inconsequential, if the axis of the drill is aligned with the direction
    of travel accurately. With a single A frame, there is nothing to hold
    the axis of the drill motor perpendicular to the base (the frame can
    twist), but with two A's offset vertically by a few inches, the axis is
    also held rigid. Then only the bearings and collet contribute
    significant wobble. Springiness of the wood will return the drill to
    the "rest" position. The materials are cheap, but the construction
    would have to be done carefully to get things aligned right.

    I've broken plenty of drills over the years, but it's mostly because
    either I'm being careless or the drill is getting dull after a few
    thousand holes. Even without shmoozing PCB manufacturers (no longer
    common in every large town now anyway), you can get drills for $.50
    each or less.

    Cheers,
    Tom
     
  18. Nico Coesel

    Nico Coesel Guest

    There are dozens of companies out there with on-line calculators. Try
    www.olimex.com or www.europrint.be to name just 2 examples.
     
  19. Leon

    Leon Guest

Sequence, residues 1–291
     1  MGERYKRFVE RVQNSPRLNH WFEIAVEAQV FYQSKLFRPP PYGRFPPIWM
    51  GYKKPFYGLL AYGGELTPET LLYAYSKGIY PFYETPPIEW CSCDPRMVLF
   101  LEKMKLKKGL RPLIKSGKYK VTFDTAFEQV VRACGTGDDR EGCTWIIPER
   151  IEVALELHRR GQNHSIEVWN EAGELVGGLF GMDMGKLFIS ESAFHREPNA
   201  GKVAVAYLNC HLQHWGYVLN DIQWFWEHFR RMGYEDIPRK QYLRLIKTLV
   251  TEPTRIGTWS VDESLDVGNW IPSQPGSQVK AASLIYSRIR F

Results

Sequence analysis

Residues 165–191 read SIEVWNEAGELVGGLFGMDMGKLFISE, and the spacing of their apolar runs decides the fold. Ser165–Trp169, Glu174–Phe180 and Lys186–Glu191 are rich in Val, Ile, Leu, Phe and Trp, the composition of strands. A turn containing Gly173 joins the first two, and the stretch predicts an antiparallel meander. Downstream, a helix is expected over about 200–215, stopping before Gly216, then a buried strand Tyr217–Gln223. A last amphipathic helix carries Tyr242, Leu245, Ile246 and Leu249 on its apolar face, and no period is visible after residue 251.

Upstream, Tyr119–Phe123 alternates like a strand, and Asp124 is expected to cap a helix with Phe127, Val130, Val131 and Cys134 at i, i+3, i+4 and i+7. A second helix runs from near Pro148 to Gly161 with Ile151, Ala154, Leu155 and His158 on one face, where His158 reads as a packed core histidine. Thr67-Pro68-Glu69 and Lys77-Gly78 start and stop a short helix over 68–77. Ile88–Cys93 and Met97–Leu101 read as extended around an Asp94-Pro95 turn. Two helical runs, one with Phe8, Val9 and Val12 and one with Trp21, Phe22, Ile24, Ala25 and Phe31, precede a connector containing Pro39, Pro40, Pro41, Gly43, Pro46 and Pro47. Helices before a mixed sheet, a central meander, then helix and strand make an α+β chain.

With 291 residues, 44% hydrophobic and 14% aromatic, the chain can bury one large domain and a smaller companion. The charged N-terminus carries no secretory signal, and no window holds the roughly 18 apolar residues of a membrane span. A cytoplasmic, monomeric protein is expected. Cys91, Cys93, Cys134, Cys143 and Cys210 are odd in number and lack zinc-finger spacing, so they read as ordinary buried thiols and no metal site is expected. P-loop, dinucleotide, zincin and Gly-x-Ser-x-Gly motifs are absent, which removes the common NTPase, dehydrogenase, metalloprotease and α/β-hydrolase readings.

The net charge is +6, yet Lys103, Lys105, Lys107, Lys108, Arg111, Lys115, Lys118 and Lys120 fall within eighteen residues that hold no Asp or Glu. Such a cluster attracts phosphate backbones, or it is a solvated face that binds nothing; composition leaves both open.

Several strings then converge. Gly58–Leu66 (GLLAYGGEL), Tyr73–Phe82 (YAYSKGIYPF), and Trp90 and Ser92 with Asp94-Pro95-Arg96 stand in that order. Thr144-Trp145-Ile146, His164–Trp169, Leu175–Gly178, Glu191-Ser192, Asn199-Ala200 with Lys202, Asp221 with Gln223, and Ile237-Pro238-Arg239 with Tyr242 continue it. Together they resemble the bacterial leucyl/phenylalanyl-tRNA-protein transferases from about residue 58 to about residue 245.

I keep meaning to make something like your 'A' frame out of a piece of
    Al channel with something like Oilite bushings to keep it as rigid as
    possible.

    I use reground drills, a bit shorter than the new ones but fine for my
    purposes and a lot cheaper than new ones.

    Leon
     
  20. Rich Grise

    Rich Grise Guest

    FWIW, I've used a Dremel drill press, and always got good results. A real
    Dremel drill press thing is pretty stable, and I don't think they're
    anywhere near a hundred bucks.

    Good Luck!
    RIch
     
Ask a Question
Want to reply to this thread or ask your own question?
You'll need to choose a username for the site, which only take a couple of moments (here). After that, you can post your question and our members will help you out.
Electronics Point Logo
Continue to site
Quote of the day

-